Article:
During the past year we have subjected the Federal social security system to an intensive study which has revealed certain limitations and inequities in the law as it now stands. These should be corrected.
1. OASI Coverage Should Be Broadened.
My message to the Congress on August 1, 1953, recommended legislation to bring more persons under the protection of the OASI system. The new groups that I recommended be covered--about ten million additional people--include self-employed farmers; many more farm workers and domestic workers; doctors, dentists, lawyers, architects, accountants, and other self-employed professional people; members of State and local retirement systems on a voluntary group basis; clergymen on a voluntary group basis; and several smaller groups. I urge the Congress to approve this extension of coverage.
Further broadening of the coverage is being considered by the Committee on Retirement Policy for Federal Personnel, created by the Congress. This Committee will soon report on a plan for expanding OASI to Federal employees not now protected, without impairing the independence of present Federal retirement plans. After the Committee has made its report, I shall make appropriate recommendations on that subject to the Congress.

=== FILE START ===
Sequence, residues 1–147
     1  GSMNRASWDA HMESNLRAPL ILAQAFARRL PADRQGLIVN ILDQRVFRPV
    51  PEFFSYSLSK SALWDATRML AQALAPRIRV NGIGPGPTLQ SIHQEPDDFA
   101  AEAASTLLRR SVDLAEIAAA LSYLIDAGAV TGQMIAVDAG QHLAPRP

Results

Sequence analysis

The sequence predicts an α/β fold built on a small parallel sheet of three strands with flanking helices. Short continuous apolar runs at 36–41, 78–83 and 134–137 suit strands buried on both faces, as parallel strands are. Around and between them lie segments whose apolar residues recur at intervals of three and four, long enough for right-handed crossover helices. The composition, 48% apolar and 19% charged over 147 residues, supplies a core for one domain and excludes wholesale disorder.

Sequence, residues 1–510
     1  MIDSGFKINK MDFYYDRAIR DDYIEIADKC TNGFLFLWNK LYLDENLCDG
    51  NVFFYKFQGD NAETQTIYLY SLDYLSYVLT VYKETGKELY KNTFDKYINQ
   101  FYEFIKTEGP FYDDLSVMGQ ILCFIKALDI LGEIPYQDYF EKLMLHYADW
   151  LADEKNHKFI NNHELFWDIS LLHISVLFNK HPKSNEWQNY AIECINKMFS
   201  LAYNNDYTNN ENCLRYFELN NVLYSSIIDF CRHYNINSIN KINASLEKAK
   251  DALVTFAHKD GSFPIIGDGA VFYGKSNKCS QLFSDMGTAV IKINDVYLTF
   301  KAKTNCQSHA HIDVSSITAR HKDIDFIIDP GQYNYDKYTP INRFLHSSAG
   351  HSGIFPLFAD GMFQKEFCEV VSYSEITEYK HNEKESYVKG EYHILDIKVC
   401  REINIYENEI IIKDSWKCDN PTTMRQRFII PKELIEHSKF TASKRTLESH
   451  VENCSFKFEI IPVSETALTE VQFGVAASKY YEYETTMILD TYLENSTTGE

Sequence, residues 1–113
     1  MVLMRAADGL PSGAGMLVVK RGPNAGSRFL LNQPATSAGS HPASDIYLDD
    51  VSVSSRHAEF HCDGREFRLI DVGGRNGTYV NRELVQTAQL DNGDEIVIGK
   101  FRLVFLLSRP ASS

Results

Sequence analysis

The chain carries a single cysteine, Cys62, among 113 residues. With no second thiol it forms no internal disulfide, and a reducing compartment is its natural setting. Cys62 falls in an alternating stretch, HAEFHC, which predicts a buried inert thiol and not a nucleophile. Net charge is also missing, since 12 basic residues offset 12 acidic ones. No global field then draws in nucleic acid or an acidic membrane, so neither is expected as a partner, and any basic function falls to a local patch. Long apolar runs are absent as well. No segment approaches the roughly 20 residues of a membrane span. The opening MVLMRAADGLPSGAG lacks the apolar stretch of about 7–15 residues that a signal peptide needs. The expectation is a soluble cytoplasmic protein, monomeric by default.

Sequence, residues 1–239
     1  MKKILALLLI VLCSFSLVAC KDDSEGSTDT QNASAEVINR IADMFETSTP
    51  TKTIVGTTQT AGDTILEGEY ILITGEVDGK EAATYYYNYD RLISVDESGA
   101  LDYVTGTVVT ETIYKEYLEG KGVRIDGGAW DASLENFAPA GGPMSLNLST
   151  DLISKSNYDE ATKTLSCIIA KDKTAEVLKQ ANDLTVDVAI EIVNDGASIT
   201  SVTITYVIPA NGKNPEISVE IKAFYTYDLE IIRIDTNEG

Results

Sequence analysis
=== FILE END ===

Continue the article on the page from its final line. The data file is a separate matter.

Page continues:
Extension of coverage will be a highly important advance in our OASI system, but other improvements are also needed. People over 65 years of age who can work should be encouraged to do so and should be permitted to take occasional or part-time jobs without losing their benefits. The level of benefits should be increased. Certain defects in and injustices under the present law should be eliminated. I submit the following recommendations to further these purposes.
2. The Present "Retirement Test" Should Be Liberalized and Its Discrimination Against the Wage Earner Should Be Removed.
By depriving an OASI beneficiary of his benefit payment for any month in which he earns wages of more than $75, present law imposes an undue restraint on enterprise and initiative. Retired persons should be encouraged to continue their contributions to the productive needs of the nation. I am convinced that the great majority of our able-bodied older citizens are happier and better off when they continue in some productive work after reaching retirement age. Moreover, the nation's economy will derive large benefits from the wisdom and experience of older citizens who remain employed in jobs commensurate with their strength.
I recommend, therefore, that the first $ 1000 of a beneficiary's annual earnings be exempted under the retirement test, and that for amounts earned above $ 1000 only one month's benefit be deducted for each additional $80 earned.